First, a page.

The gale that has been sweeping across Spain, in this case Ciarán, has once again washed away one of Motril's beaches.
Yes, Playa Granada, has a Great Wall of China carved out and running next to the hotel gardens, as is the norm when the winds blow.
Obviously the conservative mayor, Garcia Camacho, lost no opportunity to criticise the socialist, Central Goverment for a lack of beach defenses, conveniently forgetting that when her boys were in power up there… nothing materialised either. Such are politicians of all colours.
Mayor Luisa García Chamorro says that this sand loss will affect municipal tourism, although you’d have to be a complete lunatic, dressed in swimming gear and spend a morning on the beach this side of spring 2024.
What all politicians ignore is that ever since Rules Dam was built, the river no longer carries sand and silt down to the coast, replenishing as it has done over the centuries, beach sand.
And for all the good that building the reservoir has provided since it was plonked, squatting over the confluence of Río Guadalfeo and Río Ízbor… Well, we could have saved the concrete.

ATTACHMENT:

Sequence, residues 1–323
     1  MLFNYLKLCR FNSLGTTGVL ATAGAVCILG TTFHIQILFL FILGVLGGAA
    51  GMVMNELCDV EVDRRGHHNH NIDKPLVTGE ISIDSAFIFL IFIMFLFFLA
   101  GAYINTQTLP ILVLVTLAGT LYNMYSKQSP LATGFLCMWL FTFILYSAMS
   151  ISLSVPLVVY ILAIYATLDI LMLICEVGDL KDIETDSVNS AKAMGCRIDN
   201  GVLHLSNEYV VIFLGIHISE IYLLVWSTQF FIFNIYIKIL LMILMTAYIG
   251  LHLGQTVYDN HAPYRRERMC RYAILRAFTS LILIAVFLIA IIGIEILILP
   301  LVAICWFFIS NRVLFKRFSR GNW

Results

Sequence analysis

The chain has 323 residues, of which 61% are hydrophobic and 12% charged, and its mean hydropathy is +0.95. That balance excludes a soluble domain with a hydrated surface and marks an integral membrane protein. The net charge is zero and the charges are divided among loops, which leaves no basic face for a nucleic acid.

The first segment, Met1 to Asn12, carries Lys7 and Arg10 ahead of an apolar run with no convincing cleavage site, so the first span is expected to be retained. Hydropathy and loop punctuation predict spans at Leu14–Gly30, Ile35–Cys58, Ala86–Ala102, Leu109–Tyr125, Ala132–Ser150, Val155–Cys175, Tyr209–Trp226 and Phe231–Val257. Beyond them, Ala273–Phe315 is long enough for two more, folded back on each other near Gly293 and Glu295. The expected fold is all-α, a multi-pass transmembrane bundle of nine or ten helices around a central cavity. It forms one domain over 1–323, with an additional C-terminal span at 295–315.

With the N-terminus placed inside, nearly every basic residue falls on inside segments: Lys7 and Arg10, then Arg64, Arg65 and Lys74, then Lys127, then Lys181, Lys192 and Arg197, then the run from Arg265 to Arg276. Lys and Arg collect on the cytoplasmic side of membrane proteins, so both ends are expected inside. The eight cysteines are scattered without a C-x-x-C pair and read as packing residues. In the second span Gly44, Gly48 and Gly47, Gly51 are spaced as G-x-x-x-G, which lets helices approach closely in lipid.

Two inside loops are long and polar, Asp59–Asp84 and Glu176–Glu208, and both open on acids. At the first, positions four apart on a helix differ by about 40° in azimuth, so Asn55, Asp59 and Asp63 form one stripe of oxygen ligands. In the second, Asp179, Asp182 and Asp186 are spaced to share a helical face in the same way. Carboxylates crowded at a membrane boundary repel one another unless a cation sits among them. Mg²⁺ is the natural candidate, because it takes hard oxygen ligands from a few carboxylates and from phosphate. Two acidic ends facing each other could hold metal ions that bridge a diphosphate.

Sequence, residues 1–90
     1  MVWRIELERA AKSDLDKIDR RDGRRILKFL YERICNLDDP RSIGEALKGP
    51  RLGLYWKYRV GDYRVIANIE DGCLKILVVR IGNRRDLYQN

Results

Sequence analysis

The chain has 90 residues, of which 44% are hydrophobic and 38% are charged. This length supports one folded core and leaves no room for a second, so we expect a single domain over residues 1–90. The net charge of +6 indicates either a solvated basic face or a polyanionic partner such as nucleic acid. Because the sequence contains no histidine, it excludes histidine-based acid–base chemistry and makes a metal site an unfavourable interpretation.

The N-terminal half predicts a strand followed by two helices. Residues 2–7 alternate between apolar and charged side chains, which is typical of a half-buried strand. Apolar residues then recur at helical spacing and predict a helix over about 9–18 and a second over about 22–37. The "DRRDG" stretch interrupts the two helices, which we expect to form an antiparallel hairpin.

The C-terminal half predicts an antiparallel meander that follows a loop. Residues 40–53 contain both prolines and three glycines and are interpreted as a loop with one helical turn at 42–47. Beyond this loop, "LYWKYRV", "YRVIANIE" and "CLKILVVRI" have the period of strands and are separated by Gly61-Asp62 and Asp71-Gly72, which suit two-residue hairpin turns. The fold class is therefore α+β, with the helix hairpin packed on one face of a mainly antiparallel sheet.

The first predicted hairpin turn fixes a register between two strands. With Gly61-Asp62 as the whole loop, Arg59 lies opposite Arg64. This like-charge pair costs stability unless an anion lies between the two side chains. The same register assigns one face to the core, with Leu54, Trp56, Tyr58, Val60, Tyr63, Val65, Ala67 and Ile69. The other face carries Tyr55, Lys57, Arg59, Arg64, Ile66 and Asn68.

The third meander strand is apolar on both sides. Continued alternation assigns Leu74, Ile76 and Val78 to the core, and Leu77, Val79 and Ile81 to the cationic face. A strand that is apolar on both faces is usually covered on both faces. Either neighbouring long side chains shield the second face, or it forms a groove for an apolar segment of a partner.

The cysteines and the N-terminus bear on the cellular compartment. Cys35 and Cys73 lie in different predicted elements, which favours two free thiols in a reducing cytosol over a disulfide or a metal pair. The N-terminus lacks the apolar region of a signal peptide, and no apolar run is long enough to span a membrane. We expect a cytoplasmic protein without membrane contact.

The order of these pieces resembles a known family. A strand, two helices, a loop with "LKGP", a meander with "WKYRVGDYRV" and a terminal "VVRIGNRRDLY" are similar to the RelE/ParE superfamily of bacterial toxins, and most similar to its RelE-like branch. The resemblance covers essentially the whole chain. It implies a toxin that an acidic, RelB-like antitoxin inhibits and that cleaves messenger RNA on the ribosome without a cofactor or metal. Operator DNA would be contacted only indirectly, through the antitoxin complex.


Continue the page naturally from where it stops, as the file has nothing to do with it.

Even when Europe’s largest swimming pool is finally connected to thirsy tropical-fruit plantations, it’s not going to save them. Farmers have this mystical belief that the reservoir is an inexhaustable supply of water, so that they can plant ever more higher up the sides of valley.
Yet you only have to look at Viñuelas Reservior to see that this is a complete fallacy. Yes, when copious snow would lie up on Sierra Nevada from October to May, then you could count on melt water flowing down, yet you’d have a hard job having a snowball fight up there in these present climatic times – we all remember winter 1995, right?
So, let’s all beat our chests over a shelf in a beach that requires abseiling equipment in order to reach the water, although it is, Ladies and Gentlemen, the least of our worries because the beach will soon be on the northern side of the Los Moriscos Golf Course the way things are going.
(News/Editorial: Motril, Costa Tropical, Granada, Andalucia – Article source: Alba Feixas/GH)